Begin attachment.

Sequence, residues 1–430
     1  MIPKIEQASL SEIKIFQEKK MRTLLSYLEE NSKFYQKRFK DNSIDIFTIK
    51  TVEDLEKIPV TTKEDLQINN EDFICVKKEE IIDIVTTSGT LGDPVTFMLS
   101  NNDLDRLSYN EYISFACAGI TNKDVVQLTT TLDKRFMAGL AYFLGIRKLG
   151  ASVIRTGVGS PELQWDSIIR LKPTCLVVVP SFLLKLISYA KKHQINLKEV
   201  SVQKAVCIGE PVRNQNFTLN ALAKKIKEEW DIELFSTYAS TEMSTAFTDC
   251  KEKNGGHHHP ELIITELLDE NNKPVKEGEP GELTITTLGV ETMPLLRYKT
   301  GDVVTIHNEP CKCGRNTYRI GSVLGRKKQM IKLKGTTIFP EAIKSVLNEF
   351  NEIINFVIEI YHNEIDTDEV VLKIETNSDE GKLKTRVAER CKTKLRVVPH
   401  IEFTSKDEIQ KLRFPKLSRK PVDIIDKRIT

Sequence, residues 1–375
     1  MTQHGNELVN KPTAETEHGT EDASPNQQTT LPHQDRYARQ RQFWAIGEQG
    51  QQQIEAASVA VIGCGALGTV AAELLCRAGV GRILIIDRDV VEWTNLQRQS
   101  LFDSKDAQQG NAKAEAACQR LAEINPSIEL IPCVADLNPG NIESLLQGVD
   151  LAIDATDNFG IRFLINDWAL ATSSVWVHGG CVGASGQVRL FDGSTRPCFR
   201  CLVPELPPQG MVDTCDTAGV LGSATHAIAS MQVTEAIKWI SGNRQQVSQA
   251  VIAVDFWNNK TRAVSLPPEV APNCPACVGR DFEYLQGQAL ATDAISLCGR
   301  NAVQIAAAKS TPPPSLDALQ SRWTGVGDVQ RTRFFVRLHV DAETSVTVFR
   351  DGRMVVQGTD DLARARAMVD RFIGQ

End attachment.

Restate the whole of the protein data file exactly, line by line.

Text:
Sequence, residues 1–430
     1  MIPKIEQASL SEIKIFQEKK MRTLLSYLEE NSKFYQKRFK DNSIDIFTIK
    51  TVEDLEKIPV TTKEDLQINN EDFICVKKEE IIDIVTTSGT LGDPVTFMLS
   101  NNDLDRLSYN EYISFACAGI TNKDVVQLTT TLDKRFMAGL AYFLGIRKLG
   151  ASVIRTGVGS PELQWDSIIR LKPTCLVVVP SFLLKLISYA KKHQINLKEV
   201  SVQKAVCIGE PVRNQNFTLN ALAKKIKEEW DIELFSTYAS TEMSTAFTDC
   251  KEKNGGHHHP ELIITELLDE NNKPVKEGEP GELTITTLGV ETMPLLRYKT
   301  GDVVTIHNEP CKCGRNTYRI GSVLGRKKQM IKLKGTTIFP EAIKSVLNEF
   351  NEIINFVIEI YHNEIDTDEV VLKIETNSDE GKLKTRVAER CKTKLRVVPH
   401  IEFTSKDEIQ KLRFPKLSRK PVDIIDKRIT

Sequence, residues 1–375
     1  MTQHGNELVN KPTAETEHGT EDASPNQQTT LPHQDRYARQ RQFWAIGEQG
    51  QQQIEAASVA VIGCGALGTV AAELLCRAGV GRILIIDRDV VEWTNLQRQS
   101  LFDSKDAQQG NAKAEAACQR LAEINPSIEL IPCVADLNPG NIESLLQGVD
   151  LAIDATDNFG IRFLINDWAL ATSSVWVHGG CVGASGQVRL FDGSTRPCFR
   201  CLVPELPPQG MVDTCDTAGV LGSATHAIAS MQVTEAIKWI SGNRQQVSQA
   251  VIAVDFWNNK TRAVSLPPEV APNCPACVGR DFEYLQGQAL ATDAISLCGR
   301  NAVQIAAAKS TPPPSLDALQ SRWTGVGDVQ RTRFFVRLHV DAETSVTVFR
   351  DGRMVVQGTD DLARARAMVD RFIGQ